‘It’s just a bunch of people telling your story, excluding you from the telling’
I was at the ‘Developing Trauma informed Services’ conference, delivered by the British Psychological Society’s Division of Clinical Psychology Faculty of Psychosis and Complex Mental Health. Those who had used services, and were now trying to advocate for improved services, were talking about the experience of psychological case formulations from their perspective. ‘It’s still just a bunch of well-intentioned people, telling your story, and excluding you from the telling,’ said one… or words to that effect. Those words gave me a physical, uncomfortable feeling in my stomach.
We had tried hard to focus on formulation rather than diagnoses, and understanding a person as a whole, rather than just a label. Psychological formulation is a shared assessment process, where a client and therapist work together to understand a client’s current, and previous, distress. It draws on available psychological theory to create hypotheses, or ideas, of what might be contributing to a client’s current difficulties and what psychological therapy should offer to help that person. A range of different approaches to formulation including systemic, cognitive and psychodynamic are available. We were flexible in the approach used at Cygnet Oaks but there was a common theme: that the formulations were trauma informed. That a client’s ‘symptoms’ could perhaps be better understood as a way of adapting and surviving to the adverse environments they had experiences.
I thought we had been getting it right. We were working hard to involve the individuals in developing the formulation. And then we were sharing this with staff so that they could understand and support the service user more. But then we were excluding them from the telling, taking ownership of a story that was never ours to begin with. More exclusion – something we know is at the heart of every trauma survivor’s experience already.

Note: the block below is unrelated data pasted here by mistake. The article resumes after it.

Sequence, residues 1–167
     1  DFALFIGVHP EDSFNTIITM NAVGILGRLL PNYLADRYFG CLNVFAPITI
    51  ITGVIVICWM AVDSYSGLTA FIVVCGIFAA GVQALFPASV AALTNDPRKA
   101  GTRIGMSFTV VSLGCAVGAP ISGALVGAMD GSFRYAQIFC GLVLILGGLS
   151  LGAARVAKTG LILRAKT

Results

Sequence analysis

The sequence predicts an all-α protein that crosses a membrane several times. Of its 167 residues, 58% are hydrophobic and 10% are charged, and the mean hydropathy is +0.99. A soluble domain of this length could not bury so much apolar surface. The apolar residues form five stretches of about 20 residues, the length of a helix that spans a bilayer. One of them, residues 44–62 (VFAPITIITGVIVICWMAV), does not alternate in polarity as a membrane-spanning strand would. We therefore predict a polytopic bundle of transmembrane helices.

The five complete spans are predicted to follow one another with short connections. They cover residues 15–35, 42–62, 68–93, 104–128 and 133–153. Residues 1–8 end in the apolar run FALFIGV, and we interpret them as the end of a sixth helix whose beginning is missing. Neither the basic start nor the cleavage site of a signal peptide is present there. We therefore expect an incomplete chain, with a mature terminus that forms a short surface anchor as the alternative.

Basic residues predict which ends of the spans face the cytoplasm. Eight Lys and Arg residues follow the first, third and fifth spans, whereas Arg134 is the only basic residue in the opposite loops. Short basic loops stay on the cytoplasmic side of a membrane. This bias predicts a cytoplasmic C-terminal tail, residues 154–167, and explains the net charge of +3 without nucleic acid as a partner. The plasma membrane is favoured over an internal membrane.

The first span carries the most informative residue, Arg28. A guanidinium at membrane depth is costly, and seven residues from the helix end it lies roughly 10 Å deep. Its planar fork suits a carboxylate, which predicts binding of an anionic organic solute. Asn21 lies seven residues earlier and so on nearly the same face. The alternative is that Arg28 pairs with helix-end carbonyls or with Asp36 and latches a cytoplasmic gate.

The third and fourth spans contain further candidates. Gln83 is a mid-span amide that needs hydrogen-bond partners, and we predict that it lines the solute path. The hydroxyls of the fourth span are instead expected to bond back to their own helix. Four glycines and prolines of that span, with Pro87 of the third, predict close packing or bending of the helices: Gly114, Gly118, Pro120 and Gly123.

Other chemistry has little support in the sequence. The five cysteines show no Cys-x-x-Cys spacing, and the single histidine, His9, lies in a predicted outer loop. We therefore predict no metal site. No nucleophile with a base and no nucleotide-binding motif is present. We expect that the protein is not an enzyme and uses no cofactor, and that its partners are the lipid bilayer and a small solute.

By the time my train pulled in to Leeds that evening, I had decided we were going to make some changes. We were going to ask the individual to tell their story. Or at least to be there and listen to us tell it. Or at least have the choice.
The reaction from staff was interesting. ‘Won’t it make them more distressed?’ ‘What if the other staff don’t respond well to them?’ ‘What if they start talking about things we didn’t know about?’ Our attempts at protecting people from difficult feelings were leading to disempowerment. These individuals had survived the experiences, but we were deciding they were too fragile to talk about it. Yes it is important to recognise that for some people discussing past trauma is re-traumatising and has a negative effect on well-being (Levine, 2010), and this view has been shared by service users before that it could be painful to talk about their past when they weren’t ready to do so (Jennings & Ralph, 1997). But we talk about empowering the individual, and then we were making the decision on their behalf.